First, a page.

Congratulations!  You're starting to see things with a designer's eye.  Great design comes from moments of discovery such as noticing a problem or an opportunity.  Sherman Kelly did just that in 1933 when he noticed a young ice cream server who had blisters on her hands from dishing out hard ice cream.  Kelly designed a new scoop made of cast aluminum that had fluid in the handle to transfer heat from a person's hand. This feature lightly softened the ice cream, making it easier to scoop.  In addition, the scoop efficiently rolled the ice cream into balls and did not have breakable parts.  The Zeroll scoop is one of the best in the business.  You can even find one on display in New York’s Museum of Modern Art!

Empathy- Better Shelter Badge:

Thanks for taking a walk in someone else's shoes!  Designers empathize deeply to understand the people they are helping, just as Ikea and Better Shelter did when they set out to create safer and more dignified housing for refugees.  The resulting "flat pack" shelter can be assembled by 4 people in just 4 hours, is built to last three years, and features durable walls for privacy, windows for light, a locking door for security, and a solar panel that powers an overhead light and can charge a cell phone. Also, the ceiling is high enough to allow a person to stand up straight.  Over 16,000 units have been distributed, and the shelter won the Design Museum of London's Beazley Design of the Year award in 2016. 

Define - Woodland and Silver Badge:

Nice work!  Research requires patience and persistence.  Just ask Norman Woodland and Bernard Silver, who were working and studying at Drexel in 1948 when they overheard a supermarket owner ask the school president for help developing an automated system to read product information at checkout.  They settled on a design—the barcode—resembling linear Morse code and obtained a patent in 1952.  But it took much more work over many years before their vision could be fully realized, and it was in 1974 that the first product—chewing gum—was scanned at checkout.

Ideate - AP Thailand Badge:

Way to get creative!  It's not always easy to see everyday things or experiences with new eyes, but that's exactly what AP Thailand, a real estate company, did in a crowded neighborhood in Bangkok where there was no room to build soccer fields.  AP Thailand literally thought outside the box and designed non-traditional fields to fit into spaces that were considered unusable.  These unusual soccer fields are a hit with residents who now have a place to play their favorite sport.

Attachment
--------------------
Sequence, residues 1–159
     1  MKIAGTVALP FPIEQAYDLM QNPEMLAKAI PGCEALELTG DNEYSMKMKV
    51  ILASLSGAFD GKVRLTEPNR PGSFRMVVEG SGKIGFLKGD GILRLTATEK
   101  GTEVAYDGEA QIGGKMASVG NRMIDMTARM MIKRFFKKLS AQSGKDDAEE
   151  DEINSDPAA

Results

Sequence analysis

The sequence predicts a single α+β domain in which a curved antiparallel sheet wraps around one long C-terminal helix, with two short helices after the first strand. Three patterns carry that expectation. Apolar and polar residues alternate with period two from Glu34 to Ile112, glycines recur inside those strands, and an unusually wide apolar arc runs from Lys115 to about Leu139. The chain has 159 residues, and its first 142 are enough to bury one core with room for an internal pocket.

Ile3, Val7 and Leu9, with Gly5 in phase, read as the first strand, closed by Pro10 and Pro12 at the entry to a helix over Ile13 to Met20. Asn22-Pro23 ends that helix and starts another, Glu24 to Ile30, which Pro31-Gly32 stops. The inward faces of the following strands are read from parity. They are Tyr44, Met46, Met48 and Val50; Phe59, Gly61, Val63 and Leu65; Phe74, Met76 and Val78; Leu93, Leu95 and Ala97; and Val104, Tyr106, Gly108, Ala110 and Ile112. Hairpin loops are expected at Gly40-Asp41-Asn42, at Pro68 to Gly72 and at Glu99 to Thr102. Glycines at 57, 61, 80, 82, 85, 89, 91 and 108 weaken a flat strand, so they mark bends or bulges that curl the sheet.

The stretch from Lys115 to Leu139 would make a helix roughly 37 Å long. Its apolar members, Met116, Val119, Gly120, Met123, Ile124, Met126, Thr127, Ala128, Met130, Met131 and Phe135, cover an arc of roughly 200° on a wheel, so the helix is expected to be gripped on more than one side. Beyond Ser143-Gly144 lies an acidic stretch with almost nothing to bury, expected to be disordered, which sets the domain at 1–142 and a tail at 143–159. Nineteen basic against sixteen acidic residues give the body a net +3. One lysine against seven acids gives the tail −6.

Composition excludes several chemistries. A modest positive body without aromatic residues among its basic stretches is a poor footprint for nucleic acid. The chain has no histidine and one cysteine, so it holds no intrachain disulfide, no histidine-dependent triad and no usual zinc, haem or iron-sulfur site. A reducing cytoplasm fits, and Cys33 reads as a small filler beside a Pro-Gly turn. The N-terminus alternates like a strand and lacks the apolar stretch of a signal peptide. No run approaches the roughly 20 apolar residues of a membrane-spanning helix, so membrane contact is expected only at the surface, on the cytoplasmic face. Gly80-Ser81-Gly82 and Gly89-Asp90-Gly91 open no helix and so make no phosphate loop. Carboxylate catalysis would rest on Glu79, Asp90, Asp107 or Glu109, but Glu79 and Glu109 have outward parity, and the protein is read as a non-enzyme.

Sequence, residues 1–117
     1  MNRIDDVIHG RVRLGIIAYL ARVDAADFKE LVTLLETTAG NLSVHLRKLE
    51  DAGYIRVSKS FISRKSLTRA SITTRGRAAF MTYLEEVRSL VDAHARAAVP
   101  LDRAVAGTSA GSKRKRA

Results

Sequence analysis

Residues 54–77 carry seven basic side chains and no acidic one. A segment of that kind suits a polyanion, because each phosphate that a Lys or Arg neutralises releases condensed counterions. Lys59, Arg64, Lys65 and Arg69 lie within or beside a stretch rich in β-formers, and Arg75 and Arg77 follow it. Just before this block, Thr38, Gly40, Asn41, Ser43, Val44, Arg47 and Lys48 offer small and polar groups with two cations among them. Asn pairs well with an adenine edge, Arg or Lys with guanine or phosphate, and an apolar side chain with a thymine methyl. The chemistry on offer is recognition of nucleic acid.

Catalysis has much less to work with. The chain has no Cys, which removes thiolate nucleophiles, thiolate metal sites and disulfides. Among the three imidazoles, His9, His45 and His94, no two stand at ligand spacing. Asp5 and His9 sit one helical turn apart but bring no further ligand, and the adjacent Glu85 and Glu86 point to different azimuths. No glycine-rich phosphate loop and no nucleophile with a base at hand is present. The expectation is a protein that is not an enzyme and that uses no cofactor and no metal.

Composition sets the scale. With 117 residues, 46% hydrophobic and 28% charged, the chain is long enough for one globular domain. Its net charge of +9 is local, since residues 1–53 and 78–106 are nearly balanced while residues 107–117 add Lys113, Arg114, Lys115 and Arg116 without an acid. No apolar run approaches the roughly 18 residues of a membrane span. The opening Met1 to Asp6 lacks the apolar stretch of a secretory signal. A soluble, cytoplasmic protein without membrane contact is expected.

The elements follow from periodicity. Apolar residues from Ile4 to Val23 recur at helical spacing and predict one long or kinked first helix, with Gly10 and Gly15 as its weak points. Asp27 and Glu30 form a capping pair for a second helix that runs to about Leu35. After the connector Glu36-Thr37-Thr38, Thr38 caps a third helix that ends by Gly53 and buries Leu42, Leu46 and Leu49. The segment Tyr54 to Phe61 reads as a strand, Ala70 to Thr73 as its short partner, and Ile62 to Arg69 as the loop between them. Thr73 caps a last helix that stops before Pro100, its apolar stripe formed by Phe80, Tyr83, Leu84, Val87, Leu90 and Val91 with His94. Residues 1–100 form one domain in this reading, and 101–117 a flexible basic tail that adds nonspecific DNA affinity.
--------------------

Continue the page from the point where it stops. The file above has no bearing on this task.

Prototype - C.B.E. Badge:

Far out!  Drinking out of a cup is something we take for granted, but in space, nothing is simple.  Until recently, astronauts have had to drink from tubes inserted into special beverage pouches.  Then, some engineers came up with an idea for a specially-shaped cup that uses principles of physics to keep liquid from floating away in the zero-gravity environment of the International Space Station.  In 2015, astronauts on the ISS began using 3D printed prototypes of the cup as part of the Capillary Beverage Experiment (C.B.E.).  

Test - Waymo Badge:

Now you get the picture…testing is very important!  How else will you know that your idea solves your problem (and doesn’t cause unintended consequences)?  In 2009 Google began testing concepts for a self-driving car, beginning with a retrofitted Prius operating on rural roads.  As their design evolved, their testing became more sophisticated, moving onto highways and then to more complex urban environments.  The self-driving car project, which Google spun off as an independent company called Waymo, has advanced its design so far that they are now conducting a public test of self-driving cars with residents of Phoenix, AZ.

DT Philly - StoryCorps Badge:

Hooray—you are on your way to getting your story out!  You want your audience to empathize with the people you are designing for, and to understand the steps, goals, and outcomes of your design process and solution.  Take a page from StoryCorps, an organization that collects and shares stories to help people understand one another’s experiences and perspectives.  Story Corps uses audio recordings, pictures, and animations to bring stories to life.  How will you tell the story of your project?

To earn this badge, collaborate on a task with a mentor or design consultant.

Collaborator Badge